Clinical & Experimental Metastasis

, Volume 32, Issue 5, pp 441–455 | Cite as

Transketolase is upregulated in metastatic peritoneal implants and promotes ovarian cancer cell proliferation

  • Carmela RicciardelliEmail author
  • Noor A. Lokman
  • Sowmya Cheruvu
  • Izza A. Tan
  • Miranda P. Ween
  • Carmen E. Pyragius
  • Andrew Ruszkiewicz
  • Peter Hoffmann
  • Martin K. Oehler


Ovarian cancer, the most lethal gynaecological cancer, is characterised by the shedding of epithelial cells from the ovarian surface, followed by metastasis and implantation onto the peritoneal surfaces of abdominal organs. Our proteomic studies investigating the interactions between peritoneal (LP-9) and ovarian cancer (OVCAR-5) cells found transketolase (TKT) to be regulated in the co-culture system. This study characterized TKT expression in advanced stage (III/IV) serous ovarian cancers (n = 125 primary and n = 54 peritoneal metastases), normal ovaries (n = 6) and benign serous cystadenomas (n = 10) by immunohistochemistry. In addition, we also evaluated the function of TKT in ovarian cancer cells in vitro. Nuclear TKT was present in all primary serous ovarian cancer tissues examined (median 82.0 %, range 16.5–100 %) and was significantly increased in peritoneal metastases compared with matching primary cancers (P = 0.01, Wilcoxon Rank test). Kaplan–Meier survival and Cox regression analyses showed that high nuclear TKT positivity in peritoneal metastases (>94 %) was significantly associated with reduced overall survival (P = 0.006) and a 2.8 fold increased risk of ovarian cancer death (95 % CI 1.29–5.90, P = 0.009). Knockdown of TKT by siRNAs significantly reduced SKOV-3 cell proliferation but had no effect on their motility or invasion. Oxythiamine, an inhibitor of TKT activity, significantly inhibited the proliferation of four ovarian cancer cell lines (OV-90, SKOV-3, OVCAR-3 and OVCAR-5) and primary serous ovarian cancer cells isolated from patient ascites. In conclusion, these findings indicate that TKT plays an important role in the proliferation of metastatic ovarian cancer cells and could be used as novel therapeutic target for advanced disease.


Ovarian cancer Transketolase Glucose metabolism Pentose phosphate pathway Oxythiamine Invasion Motility Proliferation Metastasis 



Conditioned media


Fetal bovine serum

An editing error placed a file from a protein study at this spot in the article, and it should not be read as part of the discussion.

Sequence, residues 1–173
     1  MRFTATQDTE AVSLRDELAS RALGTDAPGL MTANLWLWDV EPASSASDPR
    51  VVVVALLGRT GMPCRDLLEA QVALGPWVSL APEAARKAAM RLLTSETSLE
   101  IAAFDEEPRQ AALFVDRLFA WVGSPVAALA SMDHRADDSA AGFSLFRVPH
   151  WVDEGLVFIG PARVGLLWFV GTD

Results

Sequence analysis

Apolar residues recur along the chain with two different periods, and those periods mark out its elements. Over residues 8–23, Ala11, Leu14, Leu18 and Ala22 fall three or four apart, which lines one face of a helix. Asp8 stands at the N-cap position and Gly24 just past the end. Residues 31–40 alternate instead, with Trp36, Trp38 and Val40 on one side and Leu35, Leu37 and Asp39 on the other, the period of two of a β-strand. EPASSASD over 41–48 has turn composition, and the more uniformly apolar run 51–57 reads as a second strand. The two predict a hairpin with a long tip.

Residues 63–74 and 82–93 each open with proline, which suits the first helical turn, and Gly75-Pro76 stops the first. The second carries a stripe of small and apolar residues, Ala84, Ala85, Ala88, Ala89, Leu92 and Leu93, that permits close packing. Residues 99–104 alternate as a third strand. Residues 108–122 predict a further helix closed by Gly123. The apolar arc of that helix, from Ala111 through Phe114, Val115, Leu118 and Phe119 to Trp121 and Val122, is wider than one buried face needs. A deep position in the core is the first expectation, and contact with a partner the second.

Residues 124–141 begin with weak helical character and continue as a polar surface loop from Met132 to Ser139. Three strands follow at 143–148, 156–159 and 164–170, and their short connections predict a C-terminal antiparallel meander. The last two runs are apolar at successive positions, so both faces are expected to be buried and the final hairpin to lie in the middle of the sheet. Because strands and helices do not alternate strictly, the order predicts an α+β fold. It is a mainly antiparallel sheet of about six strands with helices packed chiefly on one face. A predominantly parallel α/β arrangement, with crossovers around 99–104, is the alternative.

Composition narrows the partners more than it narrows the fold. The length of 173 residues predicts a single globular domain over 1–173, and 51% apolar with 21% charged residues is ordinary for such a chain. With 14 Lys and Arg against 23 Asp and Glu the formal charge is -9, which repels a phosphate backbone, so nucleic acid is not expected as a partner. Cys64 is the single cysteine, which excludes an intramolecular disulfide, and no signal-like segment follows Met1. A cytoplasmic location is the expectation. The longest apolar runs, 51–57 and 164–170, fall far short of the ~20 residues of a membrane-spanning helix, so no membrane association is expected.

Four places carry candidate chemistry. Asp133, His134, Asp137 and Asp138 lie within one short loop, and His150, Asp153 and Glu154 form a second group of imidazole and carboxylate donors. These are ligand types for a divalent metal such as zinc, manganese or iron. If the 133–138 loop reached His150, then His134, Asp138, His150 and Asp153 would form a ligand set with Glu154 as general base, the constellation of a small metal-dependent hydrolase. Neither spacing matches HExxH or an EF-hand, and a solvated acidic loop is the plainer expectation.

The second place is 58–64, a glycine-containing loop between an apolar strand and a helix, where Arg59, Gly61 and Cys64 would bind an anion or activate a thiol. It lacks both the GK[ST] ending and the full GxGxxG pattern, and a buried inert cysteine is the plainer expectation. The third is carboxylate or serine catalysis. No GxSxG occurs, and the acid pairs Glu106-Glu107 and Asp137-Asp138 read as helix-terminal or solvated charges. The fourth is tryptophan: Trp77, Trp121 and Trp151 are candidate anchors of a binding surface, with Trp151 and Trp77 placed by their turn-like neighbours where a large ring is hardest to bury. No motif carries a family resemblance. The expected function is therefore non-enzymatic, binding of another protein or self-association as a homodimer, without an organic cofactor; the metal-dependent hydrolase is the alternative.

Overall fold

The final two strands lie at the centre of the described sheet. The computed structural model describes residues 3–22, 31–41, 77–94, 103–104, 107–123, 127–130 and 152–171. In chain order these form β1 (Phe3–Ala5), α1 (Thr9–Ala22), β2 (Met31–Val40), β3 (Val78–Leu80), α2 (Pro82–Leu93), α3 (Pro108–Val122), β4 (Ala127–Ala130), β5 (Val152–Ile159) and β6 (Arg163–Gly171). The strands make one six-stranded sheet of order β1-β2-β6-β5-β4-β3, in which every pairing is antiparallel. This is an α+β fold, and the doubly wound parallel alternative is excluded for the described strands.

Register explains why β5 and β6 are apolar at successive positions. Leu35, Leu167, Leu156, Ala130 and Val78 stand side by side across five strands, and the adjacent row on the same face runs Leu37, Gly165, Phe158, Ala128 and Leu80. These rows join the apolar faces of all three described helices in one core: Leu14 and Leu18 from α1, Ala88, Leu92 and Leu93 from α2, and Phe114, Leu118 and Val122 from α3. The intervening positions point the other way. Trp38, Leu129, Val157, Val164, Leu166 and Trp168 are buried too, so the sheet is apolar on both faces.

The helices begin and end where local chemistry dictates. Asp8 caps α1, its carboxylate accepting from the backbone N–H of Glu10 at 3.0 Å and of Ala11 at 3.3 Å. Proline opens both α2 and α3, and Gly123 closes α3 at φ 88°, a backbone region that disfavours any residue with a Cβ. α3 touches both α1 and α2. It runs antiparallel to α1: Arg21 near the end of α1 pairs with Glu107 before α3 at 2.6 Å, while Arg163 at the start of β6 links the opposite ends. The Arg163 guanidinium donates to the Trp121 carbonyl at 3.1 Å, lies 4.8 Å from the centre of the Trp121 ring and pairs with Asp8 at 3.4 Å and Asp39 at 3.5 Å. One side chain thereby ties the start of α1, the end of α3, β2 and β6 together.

Phosphate pentose pathway




Thiamine diphosphate



We thank Dr. Thomas Hamilton (Fox Chase Cancer Center, Philadelphia, PA) for kindly providing the OVCAR-5 cell line, Mrs Wendy Bonner and Dr Noor Hammodi for their help with the TKT immunostaining. This research has been funded by the Ovarian Cancer Research Foundation (OCRF), Australia, Cancer Council of South Australia and South Australian Health and Medical Research Institute.

Conflict of interest

The authors declare they have no conflict of interest.

Supplementary material

10585_2015_9718_MOESM1_ESM.tif (3.8 mb)
Supplementary material 1 (TIFF 3891 kb). Supplementary Fig. 1: Cytokeratin immunocytochemical staining in primary serous ovarian cancer cells. Pan-cytokeratin immunostaining of primary ovarian cancer cells derived from patient 1 (a) and patient 2 (b) ascites compared with the established serous ovarian cancer cell line OV-90 (c). d Represents OV-90 cells negative control of immunocytochemistry without primary antibody. Magnification bar = 100 µm for all images
10585_2015_9718_MOESM2_ESM.tif (799 kb)
Supplementary material 2 (TIFF 798 kb). Supplementary Fig. 2: Ion-trap mass spectrometry LC–MS/MS analysis of spot 1 (a) and spot 2 (b) identified in the secretome of co-cultured OVCAR-5 and LP-9 cells by 2D gel electrophoresis and silver staining
10585_2015_9718_MOESM3_ESM.docx (16 kb)
Supplementary material 3 (DOCX 16 kb). Supplementary Table 1: Summary of clinical and pathological characteristics of the primary ovarian cancer cells established from patient ascites


  1. 1.
    Jemal A et al (2011) Global cancer statistics. CA Cancer J Clin 61(2):69–90PubMedCrossRefGoogle Scholar
  2. 2.
    Auersperg N et al (2001) Ovarian surface epithelium: biology, endocrinology, and pathology. Endocr Rev 22(2):255–288PubMedGoogle Scholar
  3. 3.
    Gardner MJ et al (1995) Expression of cell adhesion molecules on ovarian tumour cell lines and mesothelial cells, in relation to ovarian cancer metastasis. Cancer Lett 91(2):229–234PubMedCrossRefGoogle Scholar
  4. 4.
    Freedman RS et al (2004) Peritoneal inflammation—a microenvironment for epithelial ovarian cancer (EOC). J Transl Med 2(1):23PubMedCentralPubMedCrossRefGoogle Scholar
  5. 5.
    Strobel T, Cannistra SA (1999) Beta1-integrins partly mediate binding of ovarian cancer cells to peritoneal mesothelium in vitro. Gynecol Oncol 73(3):362–367PubMedCrossRefGoogle Scholar
  6. 6.
    Ricciardelli C, Rodgers RJ (2006) Extracellular matrix of ovarian tumors. Semin Reprod Med 24(4):270–282PubMedCrossRefGoogle Scholar